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Midfoot osteoarthritis (OA) “Wear and Tear Arthritis of the midfoot”

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What is midfoot Osteoarthritis (OA)?

Osteoarthritis (OA) can affect any joint. It is the process of gradual wear and tear of the joints and cartilage that protects them. It is usually associated with the ageing process, overuse and injury. In Podiatry, we commonly see osteoarthritis in the midfoot, ankles and the big toe joints.

This is very often associated with previous injuries or overuse, but is also common if you are carrying a little too much weight due to increased stress through the joints.

Usually people describe the pain as a low grade aching but as it progresses, the pain from midfoot OA can be quite sharp, it can also throb, and rest doesn’t always help it to settle down. Many patients also anecdotally suggest that their experience of arthritic pain alters with the weather (being more painful in wet and cold conditions).

People usually say they have pain over the tops of the feet, pointing to the area below where the laces of a shoe would be. Many people also say the pain is deeper in the foot so they cannot press it or rub it.

Pain closer to the surface in this area may be extensor tendon pain. Some people have hard lumps over the tops of the midfoot areas too which could be bony exostosis (spurs) linked to arthritis. Softer lumps in these areas could be ganglions / ganglia, these can also be associated with osteoarthritis.

How can I help myself?

It can be hard to predict or prevent the onset of OA. If you sustain an injury to a joint you may be at higher risk of developing it.  Making sure you keep the muscles around the affected joint strong may help to reduce your chances of developing problems in later life, but this is very hard to research and prove.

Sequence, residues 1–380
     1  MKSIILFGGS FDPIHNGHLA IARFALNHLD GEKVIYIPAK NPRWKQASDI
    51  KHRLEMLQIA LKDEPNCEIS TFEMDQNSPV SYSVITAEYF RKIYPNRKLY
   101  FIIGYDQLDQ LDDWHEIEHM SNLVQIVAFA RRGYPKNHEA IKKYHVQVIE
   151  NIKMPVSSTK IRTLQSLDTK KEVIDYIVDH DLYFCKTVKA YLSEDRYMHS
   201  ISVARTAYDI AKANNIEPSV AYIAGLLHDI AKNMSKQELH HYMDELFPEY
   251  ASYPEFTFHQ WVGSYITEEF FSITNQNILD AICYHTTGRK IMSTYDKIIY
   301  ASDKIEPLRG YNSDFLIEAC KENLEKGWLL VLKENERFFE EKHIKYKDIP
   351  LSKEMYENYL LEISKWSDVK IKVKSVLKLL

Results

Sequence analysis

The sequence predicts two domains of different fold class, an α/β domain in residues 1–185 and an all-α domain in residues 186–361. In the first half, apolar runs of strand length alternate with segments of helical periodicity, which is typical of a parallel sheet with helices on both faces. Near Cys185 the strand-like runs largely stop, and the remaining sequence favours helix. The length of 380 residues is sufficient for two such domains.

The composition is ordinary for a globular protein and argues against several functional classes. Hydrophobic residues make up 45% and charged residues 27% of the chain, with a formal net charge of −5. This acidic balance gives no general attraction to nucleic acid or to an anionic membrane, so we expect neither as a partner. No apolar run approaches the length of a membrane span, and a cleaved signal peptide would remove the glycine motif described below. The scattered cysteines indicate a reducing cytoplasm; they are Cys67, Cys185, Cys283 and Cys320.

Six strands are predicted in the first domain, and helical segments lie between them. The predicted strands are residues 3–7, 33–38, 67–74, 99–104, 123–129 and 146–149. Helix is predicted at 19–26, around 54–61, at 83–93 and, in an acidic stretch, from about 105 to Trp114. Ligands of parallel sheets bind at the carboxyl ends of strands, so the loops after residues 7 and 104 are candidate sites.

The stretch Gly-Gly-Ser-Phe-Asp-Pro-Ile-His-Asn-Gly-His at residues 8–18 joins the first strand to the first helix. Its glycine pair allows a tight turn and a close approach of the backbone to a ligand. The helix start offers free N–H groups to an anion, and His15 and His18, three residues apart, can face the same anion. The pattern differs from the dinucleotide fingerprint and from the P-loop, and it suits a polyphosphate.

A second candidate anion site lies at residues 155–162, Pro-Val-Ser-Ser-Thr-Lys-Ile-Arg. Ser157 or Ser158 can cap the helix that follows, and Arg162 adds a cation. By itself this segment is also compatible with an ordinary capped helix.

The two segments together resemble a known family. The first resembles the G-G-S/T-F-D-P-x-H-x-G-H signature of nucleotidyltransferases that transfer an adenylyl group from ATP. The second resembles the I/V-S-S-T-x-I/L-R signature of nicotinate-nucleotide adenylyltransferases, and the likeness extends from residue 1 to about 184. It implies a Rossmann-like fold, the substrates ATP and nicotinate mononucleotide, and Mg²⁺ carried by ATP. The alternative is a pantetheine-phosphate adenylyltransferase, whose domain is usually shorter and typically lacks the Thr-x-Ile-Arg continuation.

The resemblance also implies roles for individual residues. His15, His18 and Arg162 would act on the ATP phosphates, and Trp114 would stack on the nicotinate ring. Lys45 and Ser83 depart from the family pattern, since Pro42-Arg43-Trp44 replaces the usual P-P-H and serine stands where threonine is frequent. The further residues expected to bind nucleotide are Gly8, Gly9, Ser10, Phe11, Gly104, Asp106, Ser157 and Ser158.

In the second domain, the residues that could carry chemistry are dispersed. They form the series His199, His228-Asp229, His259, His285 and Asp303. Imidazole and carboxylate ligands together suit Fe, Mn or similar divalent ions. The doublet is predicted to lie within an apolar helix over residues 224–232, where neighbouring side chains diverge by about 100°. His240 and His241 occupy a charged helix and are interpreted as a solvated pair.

Supportive footwear and foot orthoses may help with OA of the midfoot. Pain medication and anti inflammatory medication (see important safety information) may also be useful, but due to the chronic and degenerative nature of the problem, you need to seek medical advice about taking medication. Some people find benefits from heat packs to gently warm the joints and contrast warm and cold therapy may also be useful.

When to see a Podiatrist?

A Podiatrist can assess your pain and offer a clinical diagnosis. Sometimes X-rays will be advised to confirm diagnosis.

Podiatrists are experts in observing compensations in the body when you have pain and can advise on footwear and foot orthoses to try and help these compensations and also reduce your foot pain. They may also use strapping and padding techniques.

Steroid injections and even shockwave therapy can be used to try and help symptoms if appropriate too and referral to a surgeon in severe cases is also an option.

OA can be challenging to manage, but Podiatrists are experts in controlling the symptoms of midfoot osteoarthritis.

If you book an appointment, take the shoes you wear day to day and any sports or exercise specific footwear your use too.

Midfoot Osteoarthritis
Midfoot Osteoarthritis
Midfoot Osteoarthritis